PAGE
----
Simboli went forward with the deal, and requested a license from the Commerce Department, which told him that the items were classified under export controls for anti-terrorism reasons and that a special license would be required for export because the optical receiver modules could be used in "activities related to nuclear, chemical or biological weapons or missile delivery systems." 

From January to March 2014, Ashraf asked for suggestions to get around the export controls, asking for alternative descriptions that would appear to cover the items on documents, but would clear arms control hurdles from the State and Commerce departments. 

Over the next three months, Simboli offered alternative descriptions and asked Ashraf by email if his customer was aware that the transaction was "being done without a license." Ashraf told him that they were "absolutely aware of everything," Simboli told the court. 

"He is well aware that he cannot get these gyros in a normal way; he's well aware of that," Ashraf wrote in an email. 

Later, Ashraf requested the 10 optical receiver modules, and Simboli submitted those through the same with the Commerce Department, who responded that these items were also controlled items. 

Simboli gave Ashraf three options: return his deposit of $2,785 to his customer, apply for an export license in accordance with the law, or "transship the modules" through a third country with their description replaced by items not covered by federal and international law.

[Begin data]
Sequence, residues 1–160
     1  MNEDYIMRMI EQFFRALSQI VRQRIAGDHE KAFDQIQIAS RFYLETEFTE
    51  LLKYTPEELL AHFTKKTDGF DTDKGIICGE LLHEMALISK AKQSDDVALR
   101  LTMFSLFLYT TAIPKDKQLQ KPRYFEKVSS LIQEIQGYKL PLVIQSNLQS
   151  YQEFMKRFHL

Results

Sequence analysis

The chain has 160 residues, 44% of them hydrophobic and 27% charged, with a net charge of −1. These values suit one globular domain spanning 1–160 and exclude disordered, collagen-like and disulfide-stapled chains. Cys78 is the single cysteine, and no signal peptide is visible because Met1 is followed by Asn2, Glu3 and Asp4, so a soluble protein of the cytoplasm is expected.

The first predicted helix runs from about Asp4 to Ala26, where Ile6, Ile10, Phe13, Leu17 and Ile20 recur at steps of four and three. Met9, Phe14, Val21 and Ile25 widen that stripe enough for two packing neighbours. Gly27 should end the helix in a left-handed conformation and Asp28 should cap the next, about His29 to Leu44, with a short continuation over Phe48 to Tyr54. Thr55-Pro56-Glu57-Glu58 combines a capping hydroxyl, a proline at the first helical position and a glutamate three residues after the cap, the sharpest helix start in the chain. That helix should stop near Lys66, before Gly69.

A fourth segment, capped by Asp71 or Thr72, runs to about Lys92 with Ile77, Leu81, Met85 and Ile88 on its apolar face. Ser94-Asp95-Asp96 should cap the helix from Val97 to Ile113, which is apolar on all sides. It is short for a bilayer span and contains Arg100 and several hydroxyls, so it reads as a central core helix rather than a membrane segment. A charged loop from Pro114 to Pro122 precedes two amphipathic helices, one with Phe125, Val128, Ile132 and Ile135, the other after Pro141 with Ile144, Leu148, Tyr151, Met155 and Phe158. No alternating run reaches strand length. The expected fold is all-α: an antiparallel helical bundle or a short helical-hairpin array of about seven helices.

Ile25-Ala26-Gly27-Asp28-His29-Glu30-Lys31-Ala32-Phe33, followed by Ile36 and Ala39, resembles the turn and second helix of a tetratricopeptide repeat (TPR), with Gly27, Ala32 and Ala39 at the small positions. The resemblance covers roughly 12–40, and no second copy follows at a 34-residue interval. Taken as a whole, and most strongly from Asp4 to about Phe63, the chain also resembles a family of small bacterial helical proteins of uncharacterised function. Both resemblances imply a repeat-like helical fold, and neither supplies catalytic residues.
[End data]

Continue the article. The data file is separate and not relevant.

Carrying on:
Ashraf "requested that the models be transshipped along with the above-mentioned gyros," Simboli said. 

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Over the next few months, Simboli and Ashraf agreed to a series of wire-transfers, including one worth $67,000 through a Tucson-area bank, to secure the equipment, Plantz said. 

HSI agents met with Ashraf three more times in face-to-face meetings, including one in the United States, Plantz said. 

On August 26, 2014, agents set up a meeting with Ashraf and two members of AERO to handover some of the technology, but before the meeting could take place, Belgian police moved in and arrested Ashraf. 

Ashraf was later extradited from Belgium on July 31, 2015, to the United States to face trial, Plantz said. 

HSI is charged with enforcing U.S. export laws, said Plantz, and remains the only federal agency that can fully regulate "dual-use" commodities, or technology that can be used for both civilians and foreign militaries, Plantz said. 

"We take counter-profileration seriously and we put up a lot of resources," Platz said. Over the years, the amount of attempts to export technology illegally has gone down, but it remains a significant government effort, Plantz said. 

Ashraf will be deported to Pakistan after he completes his sentence, Platz said. 

TucsonSentinel.com's original reporting and curation of border and immigration news is generously supported in part by a grant from the Ethics and Excellence in Journalism Foundation.

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CBP

A Hermes 450 drone takes off while undergoing testing flights with U.S. Customs and Border Protection. Gyroscopes for drones like the Hermes were some of the items a Pakistani man tried to purchase for export from the United States for the Pakistani military's own drone program.